“I believe that’s always been in the plan” said Gottheil of a small iPad, contradicting past comments by Steve Jobs, who had rejected seven inches as too small for a tablet. “Actually that’s a good form factor for some users, and although they will also charge a premium above other similar-sized tablets, they want to protect that price flank.”
Analysts predicting a 7 inch iPad are nothing new – this idea has been doing the rounds for a couple of years but has never come to fruition – and there are some very good reasons why not…
As I wrote last month, Apple’s standard (9.7 inch) iPads currently hold 58% of the global market share for all tablets – although 10% down from a year ago, the iPad is still the runaway market leader. Android tablets have increased to 39% market share but that is heavily segmented across hundreds of models and manufacturers at a bewildering range of price points.
Even allowing for further erosion of its market share, the tablet market size is still growing rapidly (260% in the last year) so the iPad will still represent a huge success story. Introducing a 7 inch version may only succeed in cannibalizing Apple’s existing share of the market – and with likely lower profit margins.
It would only make sense to invest in design, development and marketing of a 7 inch iPad if it made a positive overall contribution to the bottom line – and it is debatable how many Apple would have to sell to offset lost sales of the larger and more profitable iPad.
[Note: I have assumed a 7 inch iPad would have lower profit margins than the current iPad models – the price would have to be lower for a smaller screen (squeezing margins) because it would be competing directly with tablets like Amazon’s Kindle Fire, already priced almost as a loss leader. There is only so much of a price premium the market could stand for a similarly sized and specced tablet.]
Cut Price Competition
Gottheil’s argument about Apple wanting to protect ‘that price flank’ (i.e. that offered by cheap 7 inch tablets) is a strange one. In my recollection, Apple have never been keen to compete against cheaper rivals – Apple prices across all products actually create the top end of the market – reassuringly expensive to some, style over substance to others.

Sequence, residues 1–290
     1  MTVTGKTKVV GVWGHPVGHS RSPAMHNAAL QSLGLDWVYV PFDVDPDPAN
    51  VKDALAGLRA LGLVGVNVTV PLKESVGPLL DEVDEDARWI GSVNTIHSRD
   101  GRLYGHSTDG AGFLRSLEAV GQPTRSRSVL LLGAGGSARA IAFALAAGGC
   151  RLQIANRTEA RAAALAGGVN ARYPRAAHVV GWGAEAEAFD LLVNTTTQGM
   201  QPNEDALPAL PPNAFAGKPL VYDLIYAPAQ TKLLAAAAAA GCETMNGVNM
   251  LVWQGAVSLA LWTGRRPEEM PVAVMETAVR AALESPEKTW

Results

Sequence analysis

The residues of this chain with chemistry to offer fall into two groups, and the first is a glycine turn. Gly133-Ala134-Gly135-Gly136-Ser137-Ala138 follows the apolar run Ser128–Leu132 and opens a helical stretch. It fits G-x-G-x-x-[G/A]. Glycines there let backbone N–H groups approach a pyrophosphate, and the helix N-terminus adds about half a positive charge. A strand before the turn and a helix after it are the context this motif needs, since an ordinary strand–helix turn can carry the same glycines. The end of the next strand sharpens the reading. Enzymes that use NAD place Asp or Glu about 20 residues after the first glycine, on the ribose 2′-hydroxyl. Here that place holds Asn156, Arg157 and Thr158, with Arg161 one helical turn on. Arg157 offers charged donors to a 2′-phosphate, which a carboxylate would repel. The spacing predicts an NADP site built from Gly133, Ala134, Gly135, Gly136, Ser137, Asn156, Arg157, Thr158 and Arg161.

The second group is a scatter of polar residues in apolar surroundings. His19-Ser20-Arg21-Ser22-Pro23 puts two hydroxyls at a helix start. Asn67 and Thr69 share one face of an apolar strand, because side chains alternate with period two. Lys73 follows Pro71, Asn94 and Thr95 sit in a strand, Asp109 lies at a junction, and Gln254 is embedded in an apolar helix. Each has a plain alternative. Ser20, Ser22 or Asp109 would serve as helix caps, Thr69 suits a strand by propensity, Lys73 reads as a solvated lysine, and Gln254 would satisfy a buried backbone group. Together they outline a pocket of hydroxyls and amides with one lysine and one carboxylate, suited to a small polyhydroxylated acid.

Apple don’t sell cheap iMacs just because Windows PCs with the same technology are half the price and they don’t sell cheap iPhones to match Android rivals so why should they race to compete for that price flank now?
7 Inch Form Factor
However, the one thing I do agree on with Gottheil is that Jobs was wrong about the 7 inch form factor. Like it or not, many tablets are frequently used for nothing more serious than reading ebooks, listening to music, watching videos and updating social networks – casual activities where weight and portability can be more important than a larger screen size in a heavy casing.
Anyone who has tried reading an ebook on a 600g iPad will know that it is (literally) very heavy going compared to a cheap 7 inch tablet like the M009S (reviewed here) which weighs only 365g. The larger form factor can also prove more difficult to hold one handed – perhaps more suited to the original concept of a tablet computer than the common usage today as a basic multimedia and web browsing device.
This is the one reason why I think Apple may indeed be working on a 7 inch iPad – because there is still a gap in the market for a high quality and expensive 7 inch tablet. Despite the initial success of the Kindle Fire (not even available yet in some markets like the UK), it doesn’t tick all the boxes – too proprietary for some and not Apple enough for others…
If Apple could produce a 7 inch iPad at a realistic price (around $350) I still think those profits could outweigh the impact of lost larger screen iPad sales.
What do you think, will they or won’t they? Have your say in the comments below.